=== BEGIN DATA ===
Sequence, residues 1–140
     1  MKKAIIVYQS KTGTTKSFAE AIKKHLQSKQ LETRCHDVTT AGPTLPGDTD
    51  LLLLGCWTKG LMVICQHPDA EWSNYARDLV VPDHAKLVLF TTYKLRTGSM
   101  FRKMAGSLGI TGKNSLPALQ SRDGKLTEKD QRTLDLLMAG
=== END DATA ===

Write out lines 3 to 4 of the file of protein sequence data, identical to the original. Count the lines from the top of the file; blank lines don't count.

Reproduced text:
    51  LLLLGCWTKG LMVICQHPDA EWSNYARDLV VPDHAKLVLF TTYKLRTGSM
   101  FRKMAGSLGI TGKNSLPALQ SRDGKLTEKD QRTLDLLMAG